Programmatic is not without its issues, but there are certainly a number of clear benefits for both the buyer and the publisher.
It's been a long time coming for buyers and sellers to efficiently and directly transact on digital media. However, for the majority of the industry, there is still much room for growth. Fragmentation is rampant, buyers crave simplicity while sellers focus on increasing revenue, and the robots are somehow winning. In response, we are seeing a tremendous amount of noise in the marketplace around the concept of Programmatic Direct.
Programmatic Direct enables a single buyer to transact directly with a single known seller, which sounds great on the surface. However, it is not the panacea we had hoped for. Like DealIDs before it, Programmatic Direct is designed for the publisher to control rates and make discrete high-value inventory available to a single buyer for one campaign. There are certainly a number of clear benefits of Programmatic Direct: buyer confidence in the seller, forecasting available inventory at known pricing, and the ability to execute a campaign quickly without friction. Yet the benefits for publishers are much greater; they can sell packaged media and data together, create a sense of scarcity, enable buyers to transact with a specific seller, and control rates as well as the type of media offered.
But - and it's a big but - the buyer is extremely challenged when it attempts to scale this approach. Buyers leveraging their own audience data on media, buying across multiple publishers, and managing rates for different clients or tactics become all but nearly impossible, and make us feel like we're back in 1999 again. The operational pain associated with Programmatic Direct for the new digital agency or trading desk operating an audience-first model makes any direct-oriented process inefficient.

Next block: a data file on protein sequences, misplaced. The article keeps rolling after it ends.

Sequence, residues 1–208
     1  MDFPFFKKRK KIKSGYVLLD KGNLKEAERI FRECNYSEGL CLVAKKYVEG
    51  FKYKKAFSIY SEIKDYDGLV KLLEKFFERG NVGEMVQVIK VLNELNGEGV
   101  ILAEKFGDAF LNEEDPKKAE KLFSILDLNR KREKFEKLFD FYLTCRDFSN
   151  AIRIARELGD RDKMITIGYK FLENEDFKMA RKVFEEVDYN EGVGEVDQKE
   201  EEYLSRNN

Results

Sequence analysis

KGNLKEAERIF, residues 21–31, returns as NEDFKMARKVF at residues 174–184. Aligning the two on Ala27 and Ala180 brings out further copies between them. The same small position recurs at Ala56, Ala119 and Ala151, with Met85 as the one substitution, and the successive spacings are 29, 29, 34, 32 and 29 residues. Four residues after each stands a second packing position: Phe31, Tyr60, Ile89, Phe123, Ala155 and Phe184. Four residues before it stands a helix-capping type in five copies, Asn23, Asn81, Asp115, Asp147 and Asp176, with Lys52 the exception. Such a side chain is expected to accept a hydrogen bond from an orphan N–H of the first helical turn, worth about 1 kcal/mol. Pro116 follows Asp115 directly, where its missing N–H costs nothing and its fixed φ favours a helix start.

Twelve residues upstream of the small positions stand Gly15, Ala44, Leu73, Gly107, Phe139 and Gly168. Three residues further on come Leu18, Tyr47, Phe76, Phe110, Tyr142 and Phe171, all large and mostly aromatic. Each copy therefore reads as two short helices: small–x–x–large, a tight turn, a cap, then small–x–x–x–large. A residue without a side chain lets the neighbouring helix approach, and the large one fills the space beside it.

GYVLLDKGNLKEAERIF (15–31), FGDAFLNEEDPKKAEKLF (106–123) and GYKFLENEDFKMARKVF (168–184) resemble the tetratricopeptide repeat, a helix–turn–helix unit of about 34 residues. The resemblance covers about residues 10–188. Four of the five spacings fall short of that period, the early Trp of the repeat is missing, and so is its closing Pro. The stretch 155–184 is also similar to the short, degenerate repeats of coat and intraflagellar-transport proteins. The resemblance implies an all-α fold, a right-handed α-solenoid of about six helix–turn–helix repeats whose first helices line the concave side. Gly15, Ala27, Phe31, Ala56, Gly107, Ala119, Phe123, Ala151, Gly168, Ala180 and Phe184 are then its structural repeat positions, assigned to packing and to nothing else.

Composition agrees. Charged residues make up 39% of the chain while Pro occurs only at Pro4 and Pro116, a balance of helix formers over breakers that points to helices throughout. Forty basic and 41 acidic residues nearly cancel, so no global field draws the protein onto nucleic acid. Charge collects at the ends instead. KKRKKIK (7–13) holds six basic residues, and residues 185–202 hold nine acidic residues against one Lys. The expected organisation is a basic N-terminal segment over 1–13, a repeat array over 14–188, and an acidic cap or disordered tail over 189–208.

Most trading desks have turned to the open market in an effort to simplify and scale the buying of digital media, but this is wrought with challenges that make many people very uneasy. Robots, fraud, and risky content are chief concerns. Therefore, most buyers utilize URL whitelists and third parties to protect themselves and their clients from running on the underbelly of the Internet. These protections can limit scale, add operational steps for curating content, and increase costs to the buyer, which isn't ideal for anyone.
At Xaxis, we've taken a unique approach that involves directly partnering with premium, well-known publishers, and acquiring inventory outside of the exchange or SSP. These partnerships enable us to work directly with the source of the media, eliminating risk while ensuring high-quality, transparent revenue. In some ways, this is similar to a Programmatic Direct approach. Xaxis creates an exclusive programmatic set of inventory to be accessed by a set of buyers who understand the importance of quality, brand, and context. While some pervasive issues within programmatic still need to be smoothed out, the direct connection between buyers and sellers is a positive indicator for parties on both sides of digital media.
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Larry Allen is SVP, Global Platform Sales for Xaxis. He has responsibility for overseeing solutions for publishers including Xaxis for Publishers, Xaxis Exchange, and Xaxis Marketplace globally.
Larry has extensive experience in digital media, marketing, and business strategy unmatched by most standards. Prior to joining 24/7 Media (which merged with Xaxis in 2014), he held senior management positions at cutting-edge digital media companies such as AOL, Viewpoint, Unicast, Yieldex, Real Media, and TACODA.
Larry also ran his own consulting business where he advised many major media companies such as The New York Times, Meredith, 33Across, and Business Insider. He is a frequent contributor to a number of trade publications, blogs, and industry conferences.
A graduate of Clarion University of Pennsylvania with a degree in Business Management, Larry is based in Xaxis' headquarters in New York City.
Follow him on Twitter at @lawrenceallen2.
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